Before I leave you to enjoy the fresh air always coming from such interviews – notice how unequivocal the man always is, how to the point his answers; and please compare to the pathetic attempts of too many among those in full communion to give answers which do not displease anyone – I would like to correct some of the statements of the journalist involved. Alas, it seems to me unavoidable that a journalist be not prepared, or exaggerated, or self-aggrandising, or all three together.
1) the chap seems to believe that now there will be either full communion or what he calls “definitive expulsion”. This is a non sequitur, as I cannot see how the failure to reach an agreement may lead to any further consequence for the organisation as such. If there had been a theological ground to declare the SSPX in outright schism, this would have been made long ago. “Imperfect communion” is what we are at, and the word “schism” is only used by trendy priests and, at most,merely hinted at by an emotional Pope emphatically not speaking ex cathedra and ( just in case you want to know who was more orthodox) emphatically a Koran-kisser.
2) The chap says the Pope stakes “his reputation” and “the unity of the entire Church” on the reconciliation, no doubt feeling very important in the process. Stakes… what? I sometimes think if journalists haven’t cretinous delusions of grandeur they aren’t allowed to work.
3) The chap seems to think that the “enforcement” of religious liberty is “key for world peace today”. Look, I thought peace is best founded on Truth. My bad, no doubt. Hope the chap is not a Catholic. If he is, he has some learning to do.
The entire interview is very beautiful and again, the crystal-clear words of the SSPX are always such a welcome change from the usual soppy platitudes of much of the Western hierarchy. But I liked this exchange most:
Die Welt: What reasonable arguments does the Fraternity in fact still have against religious liberty, the enforcement of which is key for world peace today?
Fr. Schmidberger: Religious liberty is not, in the first place, a matter of practice, but a matter of doctrine. The condemnation of religious liberty by the popes never implied the will to force others to accept the Catholic religion, but it implied that a state, in which the majority of the population is Catholic, should acknowledge that the Catholic religion is the religion revealed by God. At the same time, it can very well to tolerate other religions and confessions and even lay those tolerances down in civil laws.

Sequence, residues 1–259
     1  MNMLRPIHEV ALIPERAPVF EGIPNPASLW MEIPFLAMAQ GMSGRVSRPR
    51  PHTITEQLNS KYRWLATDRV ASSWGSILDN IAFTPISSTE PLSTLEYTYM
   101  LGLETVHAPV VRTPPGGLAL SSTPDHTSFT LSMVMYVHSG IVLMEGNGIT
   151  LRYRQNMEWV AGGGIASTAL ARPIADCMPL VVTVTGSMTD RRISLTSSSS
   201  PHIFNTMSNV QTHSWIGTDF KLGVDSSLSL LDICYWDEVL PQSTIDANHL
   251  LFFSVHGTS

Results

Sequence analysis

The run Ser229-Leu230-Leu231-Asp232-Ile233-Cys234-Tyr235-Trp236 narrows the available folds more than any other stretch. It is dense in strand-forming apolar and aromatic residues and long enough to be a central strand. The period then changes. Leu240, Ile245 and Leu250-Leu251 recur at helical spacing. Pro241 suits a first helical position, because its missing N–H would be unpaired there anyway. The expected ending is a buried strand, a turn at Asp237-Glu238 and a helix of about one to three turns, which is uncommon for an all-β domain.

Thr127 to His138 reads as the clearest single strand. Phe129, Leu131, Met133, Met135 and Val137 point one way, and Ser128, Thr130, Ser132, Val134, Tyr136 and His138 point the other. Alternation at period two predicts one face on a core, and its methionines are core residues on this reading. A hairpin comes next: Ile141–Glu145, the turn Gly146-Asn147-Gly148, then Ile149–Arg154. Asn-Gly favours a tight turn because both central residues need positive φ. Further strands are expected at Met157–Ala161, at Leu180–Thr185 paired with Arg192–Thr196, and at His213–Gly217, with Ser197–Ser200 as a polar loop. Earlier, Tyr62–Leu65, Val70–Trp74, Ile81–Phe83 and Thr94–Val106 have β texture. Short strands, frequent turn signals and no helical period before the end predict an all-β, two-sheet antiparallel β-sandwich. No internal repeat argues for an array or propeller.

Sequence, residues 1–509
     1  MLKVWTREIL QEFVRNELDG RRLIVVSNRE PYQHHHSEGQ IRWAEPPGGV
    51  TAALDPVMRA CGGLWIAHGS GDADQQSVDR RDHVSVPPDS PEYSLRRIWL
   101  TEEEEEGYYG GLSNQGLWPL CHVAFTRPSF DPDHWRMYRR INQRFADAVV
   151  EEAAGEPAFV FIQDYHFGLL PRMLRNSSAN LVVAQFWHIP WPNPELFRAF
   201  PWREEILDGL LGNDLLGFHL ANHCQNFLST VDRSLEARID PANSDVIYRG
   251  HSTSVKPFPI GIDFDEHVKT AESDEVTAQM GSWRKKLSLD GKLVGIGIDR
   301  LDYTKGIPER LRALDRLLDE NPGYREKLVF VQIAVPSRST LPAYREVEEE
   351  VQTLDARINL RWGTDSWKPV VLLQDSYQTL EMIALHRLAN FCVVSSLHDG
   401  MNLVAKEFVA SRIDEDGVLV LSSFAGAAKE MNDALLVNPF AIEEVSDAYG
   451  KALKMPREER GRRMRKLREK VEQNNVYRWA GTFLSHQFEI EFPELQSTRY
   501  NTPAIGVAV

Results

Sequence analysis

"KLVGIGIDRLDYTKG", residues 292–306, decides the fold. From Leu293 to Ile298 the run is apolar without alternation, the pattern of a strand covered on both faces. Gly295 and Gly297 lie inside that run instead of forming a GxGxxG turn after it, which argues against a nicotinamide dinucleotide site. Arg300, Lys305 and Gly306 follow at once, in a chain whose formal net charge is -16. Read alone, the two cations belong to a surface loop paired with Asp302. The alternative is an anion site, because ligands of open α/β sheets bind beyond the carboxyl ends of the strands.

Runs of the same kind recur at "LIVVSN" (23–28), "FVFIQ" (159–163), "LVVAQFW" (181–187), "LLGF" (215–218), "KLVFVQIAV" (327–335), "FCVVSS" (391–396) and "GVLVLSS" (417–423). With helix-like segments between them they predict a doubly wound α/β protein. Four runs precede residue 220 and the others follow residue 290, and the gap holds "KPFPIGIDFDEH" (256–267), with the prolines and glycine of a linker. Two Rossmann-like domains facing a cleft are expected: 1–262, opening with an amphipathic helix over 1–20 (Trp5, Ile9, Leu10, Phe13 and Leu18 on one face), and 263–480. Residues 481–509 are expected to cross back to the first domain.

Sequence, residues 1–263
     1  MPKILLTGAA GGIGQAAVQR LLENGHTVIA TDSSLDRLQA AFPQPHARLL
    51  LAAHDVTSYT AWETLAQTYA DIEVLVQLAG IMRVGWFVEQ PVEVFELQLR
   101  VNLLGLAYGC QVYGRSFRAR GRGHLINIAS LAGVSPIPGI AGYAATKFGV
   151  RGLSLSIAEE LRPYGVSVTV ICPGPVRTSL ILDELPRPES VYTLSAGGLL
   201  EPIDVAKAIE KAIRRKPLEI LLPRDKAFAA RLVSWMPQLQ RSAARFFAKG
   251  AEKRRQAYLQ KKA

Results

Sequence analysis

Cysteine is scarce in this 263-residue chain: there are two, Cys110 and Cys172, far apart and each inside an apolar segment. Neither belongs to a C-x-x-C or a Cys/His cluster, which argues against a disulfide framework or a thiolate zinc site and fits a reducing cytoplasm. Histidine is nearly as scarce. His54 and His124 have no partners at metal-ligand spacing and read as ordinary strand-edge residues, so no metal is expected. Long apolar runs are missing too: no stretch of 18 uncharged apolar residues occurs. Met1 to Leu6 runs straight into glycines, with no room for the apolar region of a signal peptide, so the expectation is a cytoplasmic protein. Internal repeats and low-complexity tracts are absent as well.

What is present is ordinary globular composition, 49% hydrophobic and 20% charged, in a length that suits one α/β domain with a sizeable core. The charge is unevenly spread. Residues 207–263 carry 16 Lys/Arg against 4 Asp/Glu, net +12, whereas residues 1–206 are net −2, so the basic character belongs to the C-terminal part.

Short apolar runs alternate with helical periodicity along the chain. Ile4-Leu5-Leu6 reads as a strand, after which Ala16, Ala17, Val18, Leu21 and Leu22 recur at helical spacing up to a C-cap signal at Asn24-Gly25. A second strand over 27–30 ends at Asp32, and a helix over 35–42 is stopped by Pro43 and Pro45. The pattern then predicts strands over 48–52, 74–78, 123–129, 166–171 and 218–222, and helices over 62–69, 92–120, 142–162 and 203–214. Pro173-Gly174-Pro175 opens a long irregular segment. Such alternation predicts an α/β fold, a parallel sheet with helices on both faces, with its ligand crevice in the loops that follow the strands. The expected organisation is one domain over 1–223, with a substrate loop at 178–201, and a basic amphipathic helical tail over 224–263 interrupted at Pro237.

Obviously, in today’s pluralistic times, such a tolerance would have to find broad application. At the other hand error never has a (natural) right. When, however, it comes to man being capable of recognising God by the light of reason and of being aware of the true religion, then this is also true for statesmen; and it is exactly this that the Popes, up to Pius XII, maintained by condemning religious liberty. Everything else is, in the end, agnosticism.
In the matter of the Preambolo it has now transpired the first answer delivered by the SSPX to the Vatican has been considered not to the point (that is: too long-winded), and the SSPX has been requested to present a second answer, more concise and more focused on the Preambolo itself.
This second version is being examined as we speak, though of course no immediate reaction is to be expected.
What seems interesting to me from the source (the highly reputable Italian daily newspaper “La Stampa”) is that the SSPX answer is not a simple refusal of the Vatican offer, but a partial acceptance, with the clarification of what the SSPX is not ready to accept and the request of further clarifications from the Vatican as to what they mean by certain expressions.
The crux of the disagreement seems to me in the way the SSPX and (perhaps) the Vatican understand the ordinary (which means, erm, cough: the fallible) Magisterium.
For the Vatican, it would seem that
the Catholic is called to ensure a “religious submission of will and intellect” to the teachings that the Pope and the college of bishops “offer when they exercise their authentic Magisterium,” even if they are not proclaimed in a dogmatic way, as is the case with most of the documents of the magisterium.
For the SSPX, what is not in accordance with the Tradition is just plain wrong, and therefore there can be no question of religious submission to error. As a consequence,
the Lefebvrians do not intend to give their assent to the texts of the Council regarding collegiality, ecumenism, interreligious dialogue, and religious freedom, because they believe these to be inconsistent with tradition
As it is acutely pointed out – oh, the difference between Italian “vaticanisti” and the bunch of politically correct ignorant idiots employed by the BBC and elsewhere! –
the concept of tradition – “Traditio” – and its value, represents the crux of the debate that has characterized the talks between the Society and the Holy See. The Lefebvrians criticize some of the Council’s provisions, considering them to be at odds with the tradition of the Church.